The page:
NOW: Digital rights activists are using facial recognition software to scan thousands of faces in Washington, DC, “searching” for members of Congress, lobbyists, and the press

Posted November 14, 2019, 3:05 PM

FOR IMMEDIATE RELEASE: November 14, 2019
Contact: Evan Greer, 978-852-6457, press@fightforthefuture.org

“This should probably be illegal,” Fight for the Future action will show why face surveillance should be banned

Digital rights group Fight for the Future is currently conducting live facial recognition surveillance in Washington, DC, using Amazon’s commercially available Rekognition software to scan thousands of people’s faces and cross-check them with a database to track down members of Congress, Amazon lobbyists, and members of the press. The whole fiasco is being livestreamed at ScanCongress.com, which will show a live count of the number of faces scanned. 

The action shows that facial recognition surveillance is dangerous both when algorithms work and when they don’t. Three activists are wearing white jumpsuits emblazoned with “Facial Recognition in Progress” and headgear equipped with a phone running facial recognition software. The trio are scanning faces at major metro stops and busy areas around Capitol Hill, looking for members of Congress and journalists, and around K street, looking for Amazon lobbyists. In the process, the group will collect biometric data on potentially thousands of DC residents and commuters. 

See the livestream at ScanCongress.com 

Photos and video available for use by press here. (We will update throughout the day)

Following the protest, Fight for the Future will release a web tool at ScanCongress.com that allows people who were in DC on Thursday to upload a photo and check whether their face was scanned. All the photos, and the facial recognition data, will be destroyed after two weeks.

“This should probably be illegal,” said Evan Greer, deputy director of Fight for the Future (pronouns: she/her), “but until Congress takes action to ban facial recognition surveillance, it’s terrifyingly easy for anyone –– a government agent, a corporation, or just a creepy stalker –– to conduct biometric monitoring and violate basic rights at a massive scale. We did this to make a point. And we’re going to delete the data that we collect. Someone else could use the same technology to do unimaginable harm. We need an immediate ban on law enforcement and government use of face surveillance, and should urgently and severely limit its use for private and commercial purposes.”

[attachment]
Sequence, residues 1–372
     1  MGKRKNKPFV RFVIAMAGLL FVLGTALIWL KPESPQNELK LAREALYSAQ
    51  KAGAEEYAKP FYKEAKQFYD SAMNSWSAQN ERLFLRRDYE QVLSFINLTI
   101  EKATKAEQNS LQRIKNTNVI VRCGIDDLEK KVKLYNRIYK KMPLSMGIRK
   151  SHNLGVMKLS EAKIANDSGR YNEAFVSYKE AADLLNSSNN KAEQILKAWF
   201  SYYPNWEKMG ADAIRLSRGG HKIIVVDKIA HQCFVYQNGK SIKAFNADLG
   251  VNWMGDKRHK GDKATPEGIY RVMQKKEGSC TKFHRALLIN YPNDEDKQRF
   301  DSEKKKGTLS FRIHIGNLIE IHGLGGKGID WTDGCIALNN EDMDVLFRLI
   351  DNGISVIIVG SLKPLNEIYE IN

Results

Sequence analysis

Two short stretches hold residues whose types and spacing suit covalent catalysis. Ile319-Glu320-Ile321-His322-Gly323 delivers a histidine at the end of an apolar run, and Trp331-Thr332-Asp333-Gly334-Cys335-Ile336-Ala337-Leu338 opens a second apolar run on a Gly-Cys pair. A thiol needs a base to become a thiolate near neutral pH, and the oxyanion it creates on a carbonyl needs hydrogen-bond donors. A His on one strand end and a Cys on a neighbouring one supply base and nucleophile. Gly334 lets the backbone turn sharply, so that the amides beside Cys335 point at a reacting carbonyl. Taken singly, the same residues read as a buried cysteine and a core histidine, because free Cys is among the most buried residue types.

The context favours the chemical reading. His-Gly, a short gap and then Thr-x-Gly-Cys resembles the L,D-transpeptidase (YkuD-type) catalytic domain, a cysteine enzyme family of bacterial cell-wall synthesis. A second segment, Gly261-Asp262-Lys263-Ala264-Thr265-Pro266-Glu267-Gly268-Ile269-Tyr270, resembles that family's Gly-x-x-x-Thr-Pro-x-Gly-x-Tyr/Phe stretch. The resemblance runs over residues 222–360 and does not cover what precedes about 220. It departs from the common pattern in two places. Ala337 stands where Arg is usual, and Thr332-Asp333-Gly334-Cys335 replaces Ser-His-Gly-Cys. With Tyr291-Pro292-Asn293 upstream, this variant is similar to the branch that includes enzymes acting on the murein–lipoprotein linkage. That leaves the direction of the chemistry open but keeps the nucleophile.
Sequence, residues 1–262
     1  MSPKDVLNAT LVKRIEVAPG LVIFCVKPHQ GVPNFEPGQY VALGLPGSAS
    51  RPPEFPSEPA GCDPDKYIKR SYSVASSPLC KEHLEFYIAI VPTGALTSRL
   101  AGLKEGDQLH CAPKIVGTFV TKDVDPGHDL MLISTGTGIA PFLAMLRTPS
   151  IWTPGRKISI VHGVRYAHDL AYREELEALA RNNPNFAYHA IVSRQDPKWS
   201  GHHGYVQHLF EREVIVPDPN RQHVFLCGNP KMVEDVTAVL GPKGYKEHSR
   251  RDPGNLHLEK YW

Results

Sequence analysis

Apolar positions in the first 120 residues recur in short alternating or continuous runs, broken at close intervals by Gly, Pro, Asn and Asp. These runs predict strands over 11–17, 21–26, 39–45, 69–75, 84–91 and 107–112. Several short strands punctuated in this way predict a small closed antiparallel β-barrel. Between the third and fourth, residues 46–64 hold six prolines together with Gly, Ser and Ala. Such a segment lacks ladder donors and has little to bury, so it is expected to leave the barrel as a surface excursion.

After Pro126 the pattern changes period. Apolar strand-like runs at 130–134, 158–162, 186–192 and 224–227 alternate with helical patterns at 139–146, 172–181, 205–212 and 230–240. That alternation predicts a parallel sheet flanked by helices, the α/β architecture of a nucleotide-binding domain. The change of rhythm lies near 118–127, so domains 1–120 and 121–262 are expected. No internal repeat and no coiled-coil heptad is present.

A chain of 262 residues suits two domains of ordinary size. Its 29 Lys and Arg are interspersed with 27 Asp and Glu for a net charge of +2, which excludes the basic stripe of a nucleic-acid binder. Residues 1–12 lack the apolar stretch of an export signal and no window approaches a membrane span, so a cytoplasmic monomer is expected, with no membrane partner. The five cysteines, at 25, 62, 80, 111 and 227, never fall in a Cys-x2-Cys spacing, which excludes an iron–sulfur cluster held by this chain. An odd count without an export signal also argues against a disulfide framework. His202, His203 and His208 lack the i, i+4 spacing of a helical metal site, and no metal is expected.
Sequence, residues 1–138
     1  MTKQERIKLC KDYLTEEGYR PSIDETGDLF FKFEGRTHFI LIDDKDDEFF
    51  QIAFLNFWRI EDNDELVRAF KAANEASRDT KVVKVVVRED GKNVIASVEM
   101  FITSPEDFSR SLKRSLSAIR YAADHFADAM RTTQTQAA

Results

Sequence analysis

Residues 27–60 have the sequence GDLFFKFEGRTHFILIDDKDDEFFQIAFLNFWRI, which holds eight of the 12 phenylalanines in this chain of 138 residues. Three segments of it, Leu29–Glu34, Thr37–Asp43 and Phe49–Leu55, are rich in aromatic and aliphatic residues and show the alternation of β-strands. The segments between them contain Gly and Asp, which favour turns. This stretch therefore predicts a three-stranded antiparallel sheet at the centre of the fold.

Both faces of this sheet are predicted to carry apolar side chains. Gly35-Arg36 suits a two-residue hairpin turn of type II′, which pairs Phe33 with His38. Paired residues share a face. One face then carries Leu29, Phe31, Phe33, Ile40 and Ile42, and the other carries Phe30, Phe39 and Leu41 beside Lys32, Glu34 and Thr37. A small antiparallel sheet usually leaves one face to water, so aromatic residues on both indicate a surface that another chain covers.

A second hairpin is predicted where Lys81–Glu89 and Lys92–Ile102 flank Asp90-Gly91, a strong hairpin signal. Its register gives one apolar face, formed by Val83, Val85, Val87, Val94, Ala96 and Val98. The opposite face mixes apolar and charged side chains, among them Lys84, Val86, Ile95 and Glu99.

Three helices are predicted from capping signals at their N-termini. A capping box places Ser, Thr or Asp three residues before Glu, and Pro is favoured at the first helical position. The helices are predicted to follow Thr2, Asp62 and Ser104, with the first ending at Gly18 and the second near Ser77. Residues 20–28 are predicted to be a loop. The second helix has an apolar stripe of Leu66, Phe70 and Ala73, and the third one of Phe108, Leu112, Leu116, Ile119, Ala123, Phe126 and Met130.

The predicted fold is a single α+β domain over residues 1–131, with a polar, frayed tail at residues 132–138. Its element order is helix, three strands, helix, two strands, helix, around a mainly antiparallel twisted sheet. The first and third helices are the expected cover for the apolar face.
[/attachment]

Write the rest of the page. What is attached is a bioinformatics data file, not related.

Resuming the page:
The action is part of Fight for the Future’s BanFacialRecognition.com campaign, which has been endorsed my more than 30 major grassroots civil rights organizations including Greenpeace, Color of Change, Daily Kos, United We Dream, Council on American Islamic Relations, MoveOn, and Free Press. The groups are calling for local, state, and federal lawmakers to ban law enforcement use of facial recognition. Several cities have already banned the controversial technology outright, including  San Francisco, Somerville, MA, Berkeley, CA, and Oakland, CA, and there is growing bipartisan support in Congress to address the issue at the federal level.

Fight for the Future recently made headlines by dealing the first major blow to the commercial spread of facial recognition in the US. Alongside artists like Rage Against the Machine guitarist Tom Morello, the group pushed 40 of the worlds largest music festivals to clearly state they have no plans to use face recognition at their events. Morello and FFTF deputy director Evan Greer wrote about the significance of the victory in a widely shared Buzzfeed News op-ed.

Fight for the Future opposes attempts by the tech industry (including Amazon) and law enforcement to pressure Congress to pass an industry-friendly “regulatory framework” for facial recognition that would allow this dangerous technology to spread quickly with minimal restrictions intended to assuage public opposition. But we support narrower efforts to ban or restrict specifically egregious uses of this surveillance, such as a bill introduced recently to ban the use of facial recognition in public housing. For more on our position, read our op-ed “Don’t regulate facial recognition. Ban it.”

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